The right hon. Member for Bradford, Central (Mr. Webb) has quite rightly indicated that this debate is one of the most important that this Committee could possible have. He referred to the fact that there was more disquiet and more criticism at present and went on to say that any Minister of Food was bound to be the target.
I think he will agree with me that a Minister of Food is the target for a good many things for which he would not have been a target in ordinary times. Whatever goes wrong, even the weather, the Minister of Food is criticised in some way or other. Many things which in the ordinary course of events are taken as normal are, because of the very nature of the organisation, put down to the Ministry itself.
The right hon. Gentleman raised many points with which I hope I shall be able to deal in due course. If I miss anything, I am sure that the Parliamentary Secretary will be able to deal with it afterwards. My first purpose today, as I think the Committee would wish, is to give a survey of the position as I see it.
Since the last debate on the subject in the House, there has been a growing appreciation throughout the country of the nature and gravity of the economic crisis with which we are faced. The Economic Survey for 1952 has been published and makes clear the alarming fall in our financial reserves which has taken place since the middle of last year. Under the direction of the Chancellor of the Exchequer, remedial measures have now been formulated and announced.
Substantial cuts in our imports had to be made last November, almost as soon as this Government took office. This step had, unfortunately, to be reinforced by a further cut in January. On both occasions the blow fell inevitably on food because of the large proportion of our imports which food represents. Subsequently, in his Budget, the Chancellor has consolidated these import restrictions and introduced further financial and economic measures. These are designed to bring back a greater sense of reality into the economic life of the country, and to achieve national security and solvency.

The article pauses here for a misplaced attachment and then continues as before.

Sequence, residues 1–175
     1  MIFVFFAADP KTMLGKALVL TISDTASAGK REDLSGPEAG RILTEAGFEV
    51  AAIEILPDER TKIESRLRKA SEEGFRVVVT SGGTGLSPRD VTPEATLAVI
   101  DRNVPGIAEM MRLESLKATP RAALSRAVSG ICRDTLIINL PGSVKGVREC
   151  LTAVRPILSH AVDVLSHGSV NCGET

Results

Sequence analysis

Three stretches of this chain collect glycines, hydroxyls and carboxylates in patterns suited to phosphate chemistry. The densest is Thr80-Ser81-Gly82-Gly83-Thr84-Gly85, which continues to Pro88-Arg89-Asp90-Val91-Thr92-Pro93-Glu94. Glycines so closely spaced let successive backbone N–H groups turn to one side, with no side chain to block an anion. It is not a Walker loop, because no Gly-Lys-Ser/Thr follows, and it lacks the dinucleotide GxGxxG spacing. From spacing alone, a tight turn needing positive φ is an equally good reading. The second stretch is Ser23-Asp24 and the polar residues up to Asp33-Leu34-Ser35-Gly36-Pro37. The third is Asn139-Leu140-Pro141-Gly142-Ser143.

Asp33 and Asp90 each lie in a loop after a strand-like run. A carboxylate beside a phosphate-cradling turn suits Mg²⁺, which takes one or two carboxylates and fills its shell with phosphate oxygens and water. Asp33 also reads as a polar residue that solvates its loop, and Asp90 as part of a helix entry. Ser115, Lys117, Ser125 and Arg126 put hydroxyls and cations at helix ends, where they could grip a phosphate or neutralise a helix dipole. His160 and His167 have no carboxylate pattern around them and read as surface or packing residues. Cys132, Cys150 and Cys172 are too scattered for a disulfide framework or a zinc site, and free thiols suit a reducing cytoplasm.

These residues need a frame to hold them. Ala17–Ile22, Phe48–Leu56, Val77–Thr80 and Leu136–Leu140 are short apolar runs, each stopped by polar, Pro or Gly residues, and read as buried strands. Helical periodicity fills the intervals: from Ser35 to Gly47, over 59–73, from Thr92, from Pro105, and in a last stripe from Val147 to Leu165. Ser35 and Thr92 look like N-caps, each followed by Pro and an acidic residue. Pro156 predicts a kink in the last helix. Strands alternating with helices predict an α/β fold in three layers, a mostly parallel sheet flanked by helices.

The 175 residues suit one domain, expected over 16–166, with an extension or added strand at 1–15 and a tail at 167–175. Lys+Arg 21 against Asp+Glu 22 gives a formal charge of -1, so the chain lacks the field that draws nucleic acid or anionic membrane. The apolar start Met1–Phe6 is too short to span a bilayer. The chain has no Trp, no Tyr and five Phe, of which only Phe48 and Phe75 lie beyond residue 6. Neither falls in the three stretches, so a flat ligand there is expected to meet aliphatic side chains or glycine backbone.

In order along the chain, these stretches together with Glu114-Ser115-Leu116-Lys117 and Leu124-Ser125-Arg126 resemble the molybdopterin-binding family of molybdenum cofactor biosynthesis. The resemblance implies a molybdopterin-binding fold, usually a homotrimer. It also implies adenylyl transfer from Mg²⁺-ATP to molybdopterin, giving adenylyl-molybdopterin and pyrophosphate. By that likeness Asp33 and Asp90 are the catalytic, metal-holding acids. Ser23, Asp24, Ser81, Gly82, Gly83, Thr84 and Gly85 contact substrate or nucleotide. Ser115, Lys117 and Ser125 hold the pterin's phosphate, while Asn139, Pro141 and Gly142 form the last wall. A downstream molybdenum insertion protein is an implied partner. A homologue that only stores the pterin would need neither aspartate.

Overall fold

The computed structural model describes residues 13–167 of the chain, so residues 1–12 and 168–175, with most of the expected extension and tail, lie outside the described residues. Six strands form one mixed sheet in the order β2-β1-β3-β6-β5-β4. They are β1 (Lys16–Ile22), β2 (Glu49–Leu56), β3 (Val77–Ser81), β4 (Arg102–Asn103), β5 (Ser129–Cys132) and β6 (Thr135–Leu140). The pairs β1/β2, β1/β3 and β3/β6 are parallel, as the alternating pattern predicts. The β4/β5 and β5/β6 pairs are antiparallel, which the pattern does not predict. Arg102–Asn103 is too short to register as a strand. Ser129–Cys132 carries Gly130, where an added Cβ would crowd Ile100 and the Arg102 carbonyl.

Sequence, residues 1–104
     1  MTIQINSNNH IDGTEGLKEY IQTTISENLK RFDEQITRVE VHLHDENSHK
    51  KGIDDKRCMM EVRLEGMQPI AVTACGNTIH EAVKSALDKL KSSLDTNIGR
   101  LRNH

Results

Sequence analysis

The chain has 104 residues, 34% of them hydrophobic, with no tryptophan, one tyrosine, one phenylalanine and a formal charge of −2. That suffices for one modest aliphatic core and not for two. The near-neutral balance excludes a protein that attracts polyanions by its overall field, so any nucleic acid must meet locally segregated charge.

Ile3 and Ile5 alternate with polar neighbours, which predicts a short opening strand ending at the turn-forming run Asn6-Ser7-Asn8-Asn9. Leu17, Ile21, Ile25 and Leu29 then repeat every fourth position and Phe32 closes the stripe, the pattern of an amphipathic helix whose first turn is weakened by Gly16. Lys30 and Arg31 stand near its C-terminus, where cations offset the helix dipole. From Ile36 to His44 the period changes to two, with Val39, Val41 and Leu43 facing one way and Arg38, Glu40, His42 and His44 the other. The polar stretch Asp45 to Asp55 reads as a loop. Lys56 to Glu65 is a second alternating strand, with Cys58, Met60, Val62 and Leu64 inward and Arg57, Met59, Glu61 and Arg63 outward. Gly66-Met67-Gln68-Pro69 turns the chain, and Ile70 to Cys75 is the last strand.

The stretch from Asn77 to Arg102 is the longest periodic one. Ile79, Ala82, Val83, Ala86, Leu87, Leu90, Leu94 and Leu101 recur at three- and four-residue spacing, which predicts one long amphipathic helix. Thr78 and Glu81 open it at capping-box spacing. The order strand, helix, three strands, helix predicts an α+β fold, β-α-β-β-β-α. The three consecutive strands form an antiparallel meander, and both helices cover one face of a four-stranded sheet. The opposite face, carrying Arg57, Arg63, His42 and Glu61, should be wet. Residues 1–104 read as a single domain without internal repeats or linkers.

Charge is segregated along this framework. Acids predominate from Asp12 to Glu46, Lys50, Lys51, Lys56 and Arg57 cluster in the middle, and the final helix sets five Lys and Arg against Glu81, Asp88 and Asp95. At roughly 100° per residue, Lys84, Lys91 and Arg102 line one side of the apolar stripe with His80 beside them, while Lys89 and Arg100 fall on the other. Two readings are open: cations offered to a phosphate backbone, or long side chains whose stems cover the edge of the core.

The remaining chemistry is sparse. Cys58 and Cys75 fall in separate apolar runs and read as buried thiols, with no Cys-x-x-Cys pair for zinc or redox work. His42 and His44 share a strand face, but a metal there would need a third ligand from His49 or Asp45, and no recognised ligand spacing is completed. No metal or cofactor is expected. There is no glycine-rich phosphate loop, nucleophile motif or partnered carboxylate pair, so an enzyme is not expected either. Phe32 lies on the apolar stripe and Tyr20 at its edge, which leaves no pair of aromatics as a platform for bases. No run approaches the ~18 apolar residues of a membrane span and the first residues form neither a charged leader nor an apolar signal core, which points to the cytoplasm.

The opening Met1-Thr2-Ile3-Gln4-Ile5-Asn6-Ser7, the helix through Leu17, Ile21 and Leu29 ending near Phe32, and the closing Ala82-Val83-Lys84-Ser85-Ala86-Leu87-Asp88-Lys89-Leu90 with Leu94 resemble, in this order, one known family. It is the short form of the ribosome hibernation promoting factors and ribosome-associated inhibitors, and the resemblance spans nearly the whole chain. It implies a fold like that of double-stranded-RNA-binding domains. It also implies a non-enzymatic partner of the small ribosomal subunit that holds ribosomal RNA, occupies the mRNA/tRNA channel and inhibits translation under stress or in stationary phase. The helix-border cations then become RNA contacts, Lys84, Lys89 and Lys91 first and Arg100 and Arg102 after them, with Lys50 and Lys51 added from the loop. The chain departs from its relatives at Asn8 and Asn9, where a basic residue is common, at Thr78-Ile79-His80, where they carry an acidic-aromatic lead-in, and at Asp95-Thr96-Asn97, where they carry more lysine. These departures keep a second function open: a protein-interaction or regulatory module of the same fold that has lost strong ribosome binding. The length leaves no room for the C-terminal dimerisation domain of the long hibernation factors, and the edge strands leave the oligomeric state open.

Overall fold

There is no doubt that if the Government had not taken speedy action in November, and later in January, imports, including food imports, would have cut themselves and there would have been widespread want and unemployment.
Although these first steps have been taken, it is idle to pretend that we are out of the wood. As the Prime Minister has said,
"It will take all our national strength to avoid the downhill slide.
But the effect of these drastic remedies is just beginning to be felt.
My task today is to give the Committee an estimate of what our situation will be in the coming months as far as food is concerned. The right hon. Member for Bradford, Central, asked for a vigorous food policy. I very much hope that we shall at least be more vigorous than our predecessors have been in the matter of food, because when they left office after six years the level of the food ration was roughly the same as when they came in. If that is vigour, I shall hope to try something else.